MRI separates schizophrenia, mood disorders in adolescents

A recent neuroimaging study has shown differences in MRI between young people with schizophrenia and those with other mood disorders that have psychotic features. How radiologists can make use of these findings in collaborations with psychiatrists is still unknown, however.

A study presented at the 2002 American Academy of Child and Adolescent Psychiatry (AACAP) in San Francisco found a difference in the gray-matter volume between children and adolescents with schizophrenia and those with mood disorders that had psychotic features.

"These differences suggest that the deficits in gray matter may reflect the underlying neuropathology specific to schizophrenia," said Dr. Mohammed El Sayed, a staff psychiatrist at the University of North Carolina at Chapel Hill. Dr. Linmarie Sikich, an assistant professor of psychiatry at the same institution, collaborated on the study.

The investigators observed 29 subjects who underwent MRI on a 1.5-tesla Signa scanner (GE Medical Systems, Waukesha, WI). The investigators assessed the patients’ volumes of gray matter, white matter, cerebrospinal fluid, hippocampus, and caudate and lateral ventricles with computer-assisted segmentation. They rescanned 16 of the subjects after they had received 8-23 weeks of antipsychotic medication.

The investigators found that the gray-matter volume was significantly lower in patients with schizophrenia spectrum disorders than in patients with mood disorders, at a significance of less than 0.023. The left hippocampal volume was also significantly smaller in the schizophrenia spectrum group, at a significance of less than 0.025.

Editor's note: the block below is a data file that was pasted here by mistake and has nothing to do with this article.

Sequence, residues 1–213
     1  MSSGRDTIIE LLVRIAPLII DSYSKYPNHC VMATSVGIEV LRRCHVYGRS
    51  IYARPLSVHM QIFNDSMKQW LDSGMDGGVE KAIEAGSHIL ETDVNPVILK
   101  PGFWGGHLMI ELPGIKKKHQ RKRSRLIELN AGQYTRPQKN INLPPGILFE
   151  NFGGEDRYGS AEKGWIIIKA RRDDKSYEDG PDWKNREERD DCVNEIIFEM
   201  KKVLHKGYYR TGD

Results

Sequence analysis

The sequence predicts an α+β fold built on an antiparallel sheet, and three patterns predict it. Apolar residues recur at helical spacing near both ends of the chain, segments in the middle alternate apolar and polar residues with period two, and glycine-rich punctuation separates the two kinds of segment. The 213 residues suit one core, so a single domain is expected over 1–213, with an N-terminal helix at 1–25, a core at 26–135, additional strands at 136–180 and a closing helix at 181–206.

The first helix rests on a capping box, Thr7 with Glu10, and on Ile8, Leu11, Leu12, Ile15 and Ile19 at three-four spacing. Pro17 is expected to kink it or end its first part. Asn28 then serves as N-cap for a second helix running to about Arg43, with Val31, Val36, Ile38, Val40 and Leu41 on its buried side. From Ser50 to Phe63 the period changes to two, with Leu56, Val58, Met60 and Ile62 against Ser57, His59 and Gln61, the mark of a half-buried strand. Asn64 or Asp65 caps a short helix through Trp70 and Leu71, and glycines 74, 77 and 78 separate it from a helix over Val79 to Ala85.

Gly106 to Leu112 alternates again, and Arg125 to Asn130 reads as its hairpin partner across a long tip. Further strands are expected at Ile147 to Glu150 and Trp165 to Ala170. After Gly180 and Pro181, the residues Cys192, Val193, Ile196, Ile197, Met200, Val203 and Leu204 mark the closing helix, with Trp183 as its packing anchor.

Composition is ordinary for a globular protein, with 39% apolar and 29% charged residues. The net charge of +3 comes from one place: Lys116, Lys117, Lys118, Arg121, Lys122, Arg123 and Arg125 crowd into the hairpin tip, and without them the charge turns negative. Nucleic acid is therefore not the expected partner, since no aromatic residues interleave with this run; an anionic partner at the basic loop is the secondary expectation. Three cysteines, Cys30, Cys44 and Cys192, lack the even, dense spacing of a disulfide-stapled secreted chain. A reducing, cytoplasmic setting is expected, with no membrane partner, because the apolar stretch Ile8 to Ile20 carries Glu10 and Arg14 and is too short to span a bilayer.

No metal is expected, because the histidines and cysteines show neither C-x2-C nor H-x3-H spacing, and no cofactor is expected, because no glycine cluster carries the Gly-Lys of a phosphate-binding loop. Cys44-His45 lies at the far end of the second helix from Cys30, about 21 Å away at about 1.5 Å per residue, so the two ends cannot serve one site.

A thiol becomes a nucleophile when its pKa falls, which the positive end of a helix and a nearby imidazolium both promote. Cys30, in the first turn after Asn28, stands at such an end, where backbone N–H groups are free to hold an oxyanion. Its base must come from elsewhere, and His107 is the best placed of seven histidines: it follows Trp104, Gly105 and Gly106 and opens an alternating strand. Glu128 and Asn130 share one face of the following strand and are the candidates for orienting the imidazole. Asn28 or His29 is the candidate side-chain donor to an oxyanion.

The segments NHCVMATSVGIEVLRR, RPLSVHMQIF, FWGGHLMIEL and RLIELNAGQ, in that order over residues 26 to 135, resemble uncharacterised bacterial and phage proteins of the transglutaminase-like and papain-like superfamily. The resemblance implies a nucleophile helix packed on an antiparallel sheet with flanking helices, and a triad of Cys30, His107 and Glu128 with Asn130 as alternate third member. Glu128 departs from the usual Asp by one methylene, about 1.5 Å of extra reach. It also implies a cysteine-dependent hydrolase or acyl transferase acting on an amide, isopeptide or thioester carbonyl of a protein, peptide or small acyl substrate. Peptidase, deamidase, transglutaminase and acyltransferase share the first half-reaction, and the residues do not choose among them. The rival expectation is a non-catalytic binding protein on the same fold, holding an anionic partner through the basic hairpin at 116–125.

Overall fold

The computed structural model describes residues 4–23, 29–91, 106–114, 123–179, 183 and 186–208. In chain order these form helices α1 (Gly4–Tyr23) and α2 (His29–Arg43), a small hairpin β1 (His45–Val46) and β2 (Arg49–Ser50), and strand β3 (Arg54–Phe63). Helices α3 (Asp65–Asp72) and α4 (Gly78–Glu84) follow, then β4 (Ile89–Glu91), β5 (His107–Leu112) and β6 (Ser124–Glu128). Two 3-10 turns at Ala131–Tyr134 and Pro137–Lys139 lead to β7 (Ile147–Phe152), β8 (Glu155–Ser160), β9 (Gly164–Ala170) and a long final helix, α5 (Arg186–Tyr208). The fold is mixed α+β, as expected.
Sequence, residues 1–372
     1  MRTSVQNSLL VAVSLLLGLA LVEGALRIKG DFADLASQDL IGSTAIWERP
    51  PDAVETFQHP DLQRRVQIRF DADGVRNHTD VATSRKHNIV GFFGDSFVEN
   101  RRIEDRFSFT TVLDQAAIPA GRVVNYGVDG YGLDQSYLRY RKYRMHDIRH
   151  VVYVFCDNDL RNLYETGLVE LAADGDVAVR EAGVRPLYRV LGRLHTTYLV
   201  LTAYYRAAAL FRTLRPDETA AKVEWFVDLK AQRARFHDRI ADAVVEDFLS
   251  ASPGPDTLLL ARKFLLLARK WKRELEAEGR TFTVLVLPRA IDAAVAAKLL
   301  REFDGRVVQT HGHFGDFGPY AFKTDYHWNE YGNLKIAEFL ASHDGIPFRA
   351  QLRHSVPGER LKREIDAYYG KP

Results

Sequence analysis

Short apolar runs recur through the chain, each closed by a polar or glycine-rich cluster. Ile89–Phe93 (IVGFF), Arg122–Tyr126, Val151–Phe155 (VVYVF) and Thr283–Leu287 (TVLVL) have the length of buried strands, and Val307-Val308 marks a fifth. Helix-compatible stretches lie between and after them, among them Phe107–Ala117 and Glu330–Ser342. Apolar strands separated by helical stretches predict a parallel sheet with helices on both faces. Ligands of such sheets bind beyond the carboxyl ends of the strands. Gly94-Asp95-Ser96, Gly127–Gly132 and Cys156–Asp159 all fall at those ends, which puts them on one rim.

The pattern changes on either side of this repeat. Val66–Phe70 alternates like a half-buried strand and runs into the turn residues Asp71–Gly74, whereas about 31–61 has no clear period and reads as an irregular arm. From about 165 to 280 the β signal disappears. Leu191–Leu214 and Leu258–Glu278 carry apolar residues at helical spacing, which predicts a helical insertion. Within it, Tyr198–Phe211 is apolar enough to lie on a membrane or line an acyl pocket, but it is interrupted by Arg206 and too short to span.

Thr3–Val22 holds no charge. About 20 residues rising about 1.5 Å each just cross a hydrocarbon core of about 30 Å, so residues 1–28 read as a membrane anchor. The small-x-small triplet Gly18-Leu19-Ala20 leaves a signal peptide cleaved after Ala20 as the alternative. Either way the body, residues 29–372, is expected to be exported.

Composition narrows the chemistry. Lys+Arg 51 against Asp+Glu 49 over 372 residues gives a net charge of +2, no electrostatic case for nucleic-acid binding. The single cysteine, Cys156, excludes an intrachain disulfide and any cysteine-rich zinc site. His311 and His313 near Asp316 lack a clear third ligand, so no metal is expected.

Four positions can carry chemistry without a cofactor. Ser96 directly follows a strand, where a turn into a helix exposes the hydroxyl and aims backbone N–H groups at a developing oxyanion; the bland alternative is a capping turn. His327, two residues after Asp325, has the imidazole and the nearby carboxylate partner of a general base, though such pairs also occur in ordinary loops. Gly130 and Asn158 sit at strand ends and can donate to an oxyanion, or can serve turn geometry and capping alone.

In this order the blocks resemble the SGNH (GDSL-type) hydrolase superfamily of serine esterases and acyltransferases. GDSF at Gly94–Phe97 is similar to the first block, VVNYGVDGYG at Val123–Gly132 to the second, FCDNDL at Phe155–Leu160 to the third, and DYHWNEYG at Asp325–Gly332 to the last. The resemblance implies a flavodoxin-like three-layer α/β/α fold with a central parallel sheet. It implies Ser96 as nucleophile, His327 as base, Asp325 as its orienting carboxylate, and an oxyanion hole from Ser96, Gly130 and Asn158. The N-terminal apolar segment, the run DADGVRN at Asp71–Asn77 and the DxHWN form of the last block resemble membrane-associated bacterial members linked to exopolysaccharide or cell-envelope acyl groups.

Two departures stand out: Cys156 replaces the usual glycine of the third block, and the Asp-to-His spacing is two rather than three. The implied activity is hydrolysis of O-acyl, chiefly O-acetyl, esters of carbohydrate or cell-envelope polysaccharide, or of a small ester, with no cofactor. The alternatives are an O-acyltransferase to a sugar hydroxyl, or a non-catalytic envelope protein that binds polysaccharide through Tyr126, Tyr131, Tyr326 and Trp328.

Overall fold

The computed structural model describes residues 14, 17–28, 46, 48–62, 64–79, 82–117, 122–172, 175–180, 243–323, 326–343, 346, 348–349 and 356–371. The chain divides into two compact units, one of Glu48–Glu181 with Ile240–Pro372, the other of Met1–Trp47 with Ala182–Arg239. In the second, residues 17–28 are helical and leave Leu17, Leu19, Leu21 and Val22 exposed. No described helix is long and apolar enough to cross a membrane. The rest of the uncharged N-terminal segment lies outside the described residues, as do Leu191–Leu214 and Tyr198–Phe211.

"Follow-up scans suggest a slight decrease in the volume of both the left and right hippocampus," Sayed said.

Dr. William Bradley cautioned that the gap between these findings and clinical applicability still exists.

"I am all for a biological basis for psychiatric disease and for favoring a morphologic basis," said Bradley, chair of the American College of Radiology’s commission on neuroradiology and MRI. Bradley is also chair of the radiology department at the University of California, San Diego. "I am not sure that what it means to find less gray matter in schizophrenics." He pointed out that other research has shown that frontal white-matter projections are less myelinated in schizophrenics than in controls.

By Paula Moyer
AuntMinnie.com contributing writer
December 16, 2002

Related Reading

MRI findings predict development of symptomatic psychosis, December 11, 2002

In vitro MRI findings support vascular cause of late-life depression, October 18, 2002

Prefrontal cortical activity and dopaminergic function linked in schizophrenia, February 4, 2002

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